Prison inmate rap video shot in jail sparks investigation

You can call it bars behind bars. A rap video has gotten a lot of traction and even praise for a music video shot in prison and posted on YouTube.

The men behind it are now in segregation and facing more prison time, and they’re not alone. An investigation is underway after two Macomb Correctional Facility inmates got a hold of cell phones and shot a music video inside their cell.

Guards found a YouTube link written on a piece of paper while conducting a routine search.

"They then looked at it and pulled it up online and then found it was a video that had clearly been shot inside that prison," said Chris Gautz.

Gautz, the spokesman for Michigan’s Department of Corrections, says the video was shot back in September and was posted on YouTube, November 3rd.

Guards did not discover it until a week or so later. The video had about 200 views then. It’s now racked up more than 18,000 and counting

"The prisoners who were in the video certainly made no attempts to hide or disguise who they were, so staff was able to recognize them and go to their cell and confront them about this," said Gautz.

Those inmates could face additional prison time. Having a cell phone in jail is illegal.

"Because while you can make rap videos with them, that’s one thing you can do with a contraband cell phone," Gautz said. "But you can also effectuate an escape, you could put out a hit on another staff member, another prisoner, a member of the public. You could harass witnesses, you could intimidate your victims.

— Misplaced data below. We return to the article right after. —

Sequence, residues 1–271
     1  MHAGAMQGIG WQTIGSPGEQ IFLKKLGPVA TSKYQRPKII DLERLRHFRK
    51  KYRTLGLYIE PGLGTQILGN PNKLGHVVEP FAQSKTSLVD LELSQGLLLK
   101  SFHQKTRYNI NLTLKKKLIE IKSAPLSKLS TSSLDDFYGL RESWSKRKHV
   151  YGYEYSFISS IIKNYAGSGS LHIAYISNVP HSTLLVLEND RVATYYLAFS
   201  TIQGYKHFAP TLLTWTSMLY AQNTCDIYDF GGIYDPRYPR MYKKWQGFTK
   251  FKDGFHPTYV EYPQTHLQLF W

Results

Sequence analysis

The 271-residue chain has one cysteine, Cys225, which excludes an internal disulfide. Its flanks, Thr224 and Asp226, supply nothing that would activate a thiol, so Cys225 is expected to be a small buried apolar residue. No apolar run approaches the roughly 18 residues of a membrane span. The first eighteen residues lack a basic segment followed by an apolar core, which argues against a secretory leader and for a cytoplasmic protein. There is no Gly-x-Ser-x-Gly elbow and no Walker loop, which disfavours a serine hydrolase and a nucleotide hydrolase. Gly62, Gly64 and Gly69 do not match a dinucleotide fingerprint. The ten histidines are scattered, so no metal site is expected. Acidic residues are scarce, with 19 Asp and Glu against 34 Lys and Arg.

"There’s a whole number of things untoward that you can do with contraband cellphones."

This is not the first controversy coming out of the correctional facility.

An inmate died from an overdose there in 2021, two inmates were murdered there this year — the warden is suspended and barred from entering the prison while the investigation continues.

MDOC is not releasing the names of the men in the video, but says one of them was convicted of second-degree murder, the other armed robbery.

One of the inmates was convicted twice of possessing prisoner contraband while doing a stretch at Muskegon Correctional Facility.

Officials are vowing to find out how they got the phones.

"Did they get them through the mail, did they come in through a visit, were they thrown over a  fence," Gautz said. "(Or) did they come in some other way?

"Whenever there’s a crime like this that occurs, we want to see something be pushed to the fullest extent of the law. Not only for those prisoners, but if our investigation is to lead us to find out who brought those in we want to see that person prosecuted as well."

All parties could get five-year penalties for the phones, considered prison contraband,  State police is investigating and inmates could be moved to maximum security prison pending the outcome of the investigations.